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Sacraments - Sacramentos

What is a sacrament?

Before we explore the meaning and significance of the sacraments, it would only be right that we explain the force and meaning of the word sacrament itself.

According to the writings of the early Church Fathers sacrament signifies a sacred thing which lies concealed. The Greeks often expressed the same idea in their use of the word mysterion (Latin: sacramentum) or literally “mystery.” This meaning we have come to learn from St. Paul’s Epistle to the Ephesians (1:9) where it is said: “That he might make known to us the mystery (sacramentum) of his will”; and to Timothy: “…great is the mystery (sacramentum) of godliness” (1 Tim. 3:16); and in the Book of Wisdom: “They knew not the secrets (sacramenta) of God” (Wis. 2:22-24). In these and many passages throughout scripture the word sacrament is perceived and signifies nothing more than a holy thing that lies concealed or hidden.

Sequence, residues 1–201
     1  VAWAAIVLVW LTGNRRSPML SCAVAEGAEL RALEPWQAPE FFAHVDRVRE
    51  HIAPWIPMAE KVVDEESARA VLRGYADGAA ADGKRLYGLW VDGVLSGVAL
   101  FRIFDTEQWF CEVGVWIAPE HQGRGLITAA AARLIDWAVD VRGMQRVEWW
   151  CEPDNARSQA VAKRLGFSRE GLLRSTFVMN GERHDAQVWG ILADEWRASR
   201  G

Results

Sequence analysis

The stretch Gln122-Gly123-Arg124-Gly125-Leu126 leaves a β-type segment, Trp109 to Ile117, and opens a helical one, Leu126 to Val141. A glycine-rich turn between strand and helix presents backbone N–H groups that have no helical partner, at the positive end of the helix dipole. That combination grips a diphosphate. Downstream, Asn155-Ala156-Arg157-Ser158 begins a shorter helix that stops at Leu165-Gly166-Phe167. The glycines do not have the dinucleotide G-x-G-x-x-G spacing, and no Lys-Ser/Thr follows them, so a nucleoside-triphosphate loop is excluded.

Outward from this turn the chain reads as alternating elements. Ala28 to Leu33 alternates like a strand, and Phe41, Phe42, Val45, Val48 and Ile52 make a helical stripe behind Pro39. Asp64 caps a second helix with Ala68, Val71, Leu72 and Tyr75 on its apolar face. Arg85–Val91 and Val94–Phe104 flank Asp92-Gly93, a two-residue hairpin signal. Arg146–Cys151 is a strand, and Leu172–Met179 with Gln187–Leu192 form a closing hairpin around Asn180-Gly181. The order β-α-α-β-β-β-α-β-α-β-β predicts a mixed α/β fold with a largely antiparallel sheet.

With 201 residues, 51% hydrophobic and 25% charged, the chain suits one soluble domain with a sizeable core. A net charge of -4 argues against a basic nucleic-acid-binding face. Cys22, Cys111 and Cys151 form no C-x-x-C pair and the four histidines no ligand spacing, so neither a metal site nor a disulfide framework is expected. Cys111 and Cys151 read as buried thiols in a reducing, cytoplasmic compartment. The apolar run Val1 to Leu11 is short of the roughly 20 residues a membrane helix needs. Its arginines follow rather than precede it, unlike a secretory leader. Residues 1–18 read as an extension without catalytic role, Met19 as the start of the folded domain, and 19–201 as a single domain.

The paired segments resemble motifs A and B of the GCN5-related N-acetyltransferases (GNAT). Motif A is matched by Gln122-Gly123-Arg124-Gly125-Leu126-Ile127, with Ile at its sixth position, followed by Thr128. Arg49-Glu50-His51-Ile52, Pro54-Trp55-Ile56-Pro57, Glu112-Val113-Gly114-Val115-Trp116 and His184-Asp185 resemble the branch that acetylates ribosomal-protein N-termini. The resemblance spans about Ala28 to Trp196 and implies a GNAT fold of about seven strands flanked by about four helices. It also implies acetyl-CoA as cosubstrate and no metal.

The Church Fathers, therefore, deemed the word sacrament an appropriate term to express the sensible signs that communicate grace in a tangible way. According to Pope St. Gregory the Great such a sign ought to be called a sacrament, because the divine power secretly carries out our salvation under the veil of sensible things.

How many sacraments are there?

The Catechism of the Catholic Church teaches that Christ instituted seven sacraments, which are as follows:

  • Baptism

  • Confirmation

  • Eucharist

  • Penance (reconciliation or confession)

  • Anointing of the Sick

  • Holy Orders

  • Matrimony

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